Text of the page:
The students also visited the International Centre for Integrated Mountain Development (ICIMOD), an organization that teaches people in the region about globalization and climate change. They learned about the Wall of Hope project, in which participating schools and communities paint signs of hope to advocate for human rights. The group also had the opportunity to meet Siena Fleischer, a USAID officer and the daughter of Keene State professor Len Fleischer, at the US Embassy. She talked to them about USAID, the lead United States governmental agency that works to end extreme global poverty and enable resilient, democratic societies to realize their potential.
The students spent their second week in Tansen, a municipality in the hills of western Nepal. Living in homestays, the students got to experience the daily rituals of Nepali families and work on their individual research projects. Taking hands-on learning to another level, Keene State students partnered with Nepali students to explore a wide range of topics. “I think it’s good for the students to have their own experiences with Nepal students of their own age,” said Gebauer. “If I went I would ask completely different questions.”
The Nepali students went out of their way to make sure their counterparts from Keene State got the information they needed. Thomas, whose project centered on the changing construction and architecture in Nepal, connected with a student named Paru. “Her major wasn’t architecture, but she was so compassionate and determined to fill me in on as much information as she could cram into my brain in the three days we had together,” said Thomas. “Paru knew that I had to do this research project and she wanted with every inch of her body to help me.”
While in Tansen, the group spent a night in a village inhabited by Magars, one of the oldest ethnic groups in Nepal. That night, the people, adorned in their native attire, entertained the students by dancing and singing. The unique cultural exchange was enhanced when the KSC students sang a Nepali song they had learned. “The Nepali people just loved it because they never had a group of Americans come and sing a song in their language,” said Bassarear.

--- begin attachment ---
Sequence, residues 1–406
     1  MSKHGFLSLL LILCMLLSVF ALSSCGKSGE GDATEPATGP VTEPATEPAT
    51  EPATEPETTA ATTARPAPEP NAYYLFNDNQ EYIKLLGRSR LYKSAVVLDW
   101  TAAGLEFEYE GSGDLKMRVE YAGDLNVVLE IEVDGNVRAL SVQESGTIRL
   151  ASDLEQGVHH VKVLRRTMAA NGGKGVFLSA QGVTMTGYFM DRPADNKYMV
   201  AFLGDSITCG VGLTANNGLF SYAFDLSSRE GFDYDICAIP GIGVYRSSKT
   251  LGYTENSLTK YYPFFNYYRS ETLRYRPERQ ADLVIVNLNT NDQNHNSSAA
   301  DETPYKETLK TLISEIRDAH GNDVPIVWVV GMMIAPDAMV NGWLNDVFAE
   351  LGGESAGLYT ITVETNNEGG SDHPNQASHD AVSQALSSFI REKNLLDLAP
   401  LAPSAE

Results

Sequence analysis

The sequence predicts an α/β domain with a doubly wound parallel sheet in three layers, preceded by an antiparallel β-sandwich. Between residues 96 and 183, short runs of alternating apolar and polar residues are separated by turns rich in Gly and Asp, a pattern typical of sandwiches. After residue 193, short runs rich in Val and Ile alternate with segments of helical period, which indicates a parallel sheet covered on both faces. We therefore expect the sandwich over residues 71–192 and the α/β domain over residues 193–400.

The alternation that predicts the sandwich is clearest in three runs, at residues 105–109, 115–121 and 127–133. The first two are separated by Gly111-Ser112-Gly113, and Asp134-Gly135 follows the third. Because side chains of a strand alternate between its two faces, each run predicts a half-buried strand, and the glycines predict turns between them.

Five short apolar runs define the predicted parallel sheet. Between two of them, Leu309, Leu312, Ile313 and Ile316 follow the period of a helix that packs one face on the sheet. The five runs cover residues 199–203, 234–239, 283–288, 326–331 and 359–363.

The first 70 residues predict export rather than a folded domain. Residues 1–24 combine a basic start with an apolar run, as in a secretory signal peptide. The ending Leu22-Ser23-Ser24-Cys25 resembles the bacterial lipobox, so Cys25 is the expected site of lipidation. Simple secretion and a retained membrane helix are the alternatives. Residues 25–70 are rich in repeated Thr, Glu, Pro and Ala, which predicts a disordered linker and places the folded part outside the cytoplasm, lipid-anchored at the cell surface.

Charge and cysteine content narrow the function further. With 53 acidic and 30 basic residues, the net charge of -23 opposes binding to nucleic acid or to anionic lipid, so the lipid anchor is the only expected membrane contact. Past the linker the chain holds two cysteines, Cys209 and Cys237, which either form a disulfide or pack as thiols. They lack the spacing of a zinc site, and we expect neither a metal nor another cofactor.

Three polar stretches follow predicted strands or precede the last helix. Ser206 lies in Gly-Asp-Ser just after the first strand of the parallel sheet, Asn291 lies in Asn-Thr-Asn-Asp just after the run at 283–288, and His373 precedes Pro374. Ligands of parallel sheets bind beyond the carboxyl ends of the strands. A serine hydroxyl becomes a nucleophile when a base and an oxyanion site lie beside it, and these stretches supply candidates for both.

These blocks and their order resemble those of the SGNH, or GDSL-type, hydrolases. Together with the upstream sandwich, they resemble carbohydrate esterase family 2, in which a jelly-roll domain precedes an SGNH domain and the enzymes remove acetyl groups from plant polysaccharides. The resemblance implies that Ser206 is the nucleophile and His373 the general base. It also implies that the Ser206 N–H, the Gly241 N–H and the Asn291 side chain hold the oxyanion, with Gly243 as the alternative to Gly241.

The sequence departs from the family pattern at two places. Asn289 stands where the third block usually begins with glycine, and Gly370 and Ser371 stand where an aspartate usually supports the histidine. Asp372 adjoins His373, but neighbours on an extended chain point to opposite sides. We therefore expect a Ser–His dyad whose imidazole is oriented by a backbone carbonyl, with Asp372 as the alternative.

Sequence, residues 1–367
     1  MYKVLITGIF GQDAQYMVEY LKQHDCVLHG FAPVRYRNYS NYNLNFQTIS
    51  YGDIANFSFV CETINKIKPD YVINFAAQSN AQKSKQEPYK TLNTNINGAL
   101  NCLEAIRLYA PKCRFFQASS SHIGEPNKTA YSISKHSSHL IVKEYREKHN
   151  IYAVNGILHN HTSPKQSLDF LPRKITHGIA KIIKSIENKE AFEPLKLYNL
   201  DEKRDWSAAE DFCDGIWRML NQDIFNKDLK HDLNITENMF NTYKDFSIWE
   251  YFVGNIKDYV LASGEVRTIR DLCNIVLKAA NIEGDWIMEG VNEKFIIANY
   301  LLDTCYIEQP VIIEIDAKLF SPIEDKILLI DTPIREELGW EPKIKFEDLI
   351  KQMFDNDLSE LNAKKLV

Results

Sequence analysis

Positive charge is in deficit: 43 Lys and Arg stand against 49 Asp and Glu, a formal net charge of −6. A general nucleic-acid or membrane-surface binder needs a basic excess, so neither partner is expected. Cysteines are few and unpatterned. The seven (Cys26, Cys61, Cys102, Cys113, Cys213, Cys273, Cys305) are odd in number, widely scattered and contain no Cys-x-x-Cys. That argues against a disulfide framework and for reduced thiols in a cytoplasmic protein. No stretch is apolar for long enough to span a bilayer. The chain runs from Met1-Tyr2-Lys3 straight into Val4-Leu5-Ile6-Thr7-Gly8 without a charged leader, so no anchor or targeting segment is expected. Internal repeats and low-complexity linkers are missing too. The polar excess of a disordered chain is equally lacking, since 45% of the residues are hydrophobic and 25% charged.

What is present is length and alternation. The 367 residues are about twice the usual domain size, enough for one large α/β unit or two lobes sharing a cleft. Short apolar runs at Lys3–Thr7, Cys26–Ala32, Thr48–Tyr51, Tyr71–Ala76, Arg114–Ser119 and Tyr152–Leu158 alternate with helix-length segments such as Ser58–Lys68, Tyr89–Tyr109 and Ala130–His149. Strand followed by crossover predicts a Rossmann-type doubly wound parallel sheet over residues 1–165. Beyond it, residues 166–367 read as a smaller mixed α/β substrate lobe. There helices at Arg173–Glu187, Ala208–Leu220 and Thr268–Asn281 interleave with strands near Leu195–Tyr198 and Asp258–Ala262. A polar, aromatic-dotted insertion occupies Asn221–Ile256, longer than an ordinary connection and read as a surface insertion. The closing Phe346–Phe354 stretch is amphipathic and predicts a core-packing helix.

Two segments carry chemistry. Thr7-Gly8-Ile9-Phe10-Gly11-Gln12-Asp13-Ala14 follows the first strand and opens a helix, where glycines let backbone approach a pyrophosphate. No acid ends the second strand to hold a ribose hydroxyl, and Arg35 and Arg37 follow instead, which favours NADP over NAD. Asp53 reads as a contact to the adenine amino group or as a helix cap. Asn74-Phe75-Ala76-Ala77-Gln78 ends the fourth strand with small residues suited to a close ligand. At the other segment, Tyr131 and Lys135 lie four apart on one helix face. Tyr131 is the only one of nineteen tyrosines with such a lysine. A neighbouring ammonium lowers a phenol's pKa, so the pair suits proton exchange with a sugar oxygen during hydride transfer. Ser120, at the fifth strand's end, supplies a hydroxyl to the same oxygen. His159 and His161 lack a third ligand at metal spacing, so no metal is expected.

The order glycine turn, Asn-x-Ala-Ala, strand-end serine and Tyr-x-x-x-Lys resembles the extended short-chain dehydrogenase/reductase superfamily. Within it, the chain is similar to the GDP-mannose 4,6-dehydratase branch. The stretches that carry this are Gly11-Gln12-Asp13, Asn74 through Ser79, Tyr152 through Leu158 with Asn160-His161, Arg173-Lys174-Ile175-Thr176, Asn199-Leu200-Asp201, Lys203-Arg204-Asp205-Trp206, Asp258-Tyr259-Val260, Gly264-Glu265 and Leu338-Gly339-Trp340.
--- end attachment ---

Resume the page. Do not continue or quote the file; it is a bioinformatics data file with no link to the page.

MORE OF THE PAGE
“What was beautiful about that evening was the students themselves responded to it. They might have been embarrassed if they were back in the United States,” said Gebauer. “They reacted spontaneously and got out of their comfort zone.”
The trip provided the Keene State students with a rare learning opportunity. They learned not only about a country and its people, but also about themselves.
The stark contrast in lifestyles between their own back in the United State and that of the Nepali people wasn’t lost on the students. “I became a lot more appreciative for what I have here in America and at the same time it made me a little upset how much more happy the Nepali people seem to be than any American I have met – and yet we have so many more amenities than they do,” said Thomas.
McDougal came away from the trip with a question: What things do we need to get by? “When it comes right down to it, Nepal might be a third world country economically and politically, but culturally they are so much richer than anything I have seen or experienced,” he said.
“The trip was completely life-changing. I never considered it before but after taking the class and going to Nepal I’m considering going into the Peace Corps after I graduate,” said Fallette. “I’m learning the value of other cultures, and if I travel anywhere, I don’t want to travel as a tourist. I want to go into the country and learn about it. You don’t really learn about a country until you go live with the people and learn their culture.”
“They were overwhelmed at times with the poverty, overwhelmed at times with the heat and overwhelmed at times with the lack of material comforts,” said Bassarear. “But they were sustained during that time by the generosity and the sense of community of the group from Keene State and Nepali people, and just had a ball.”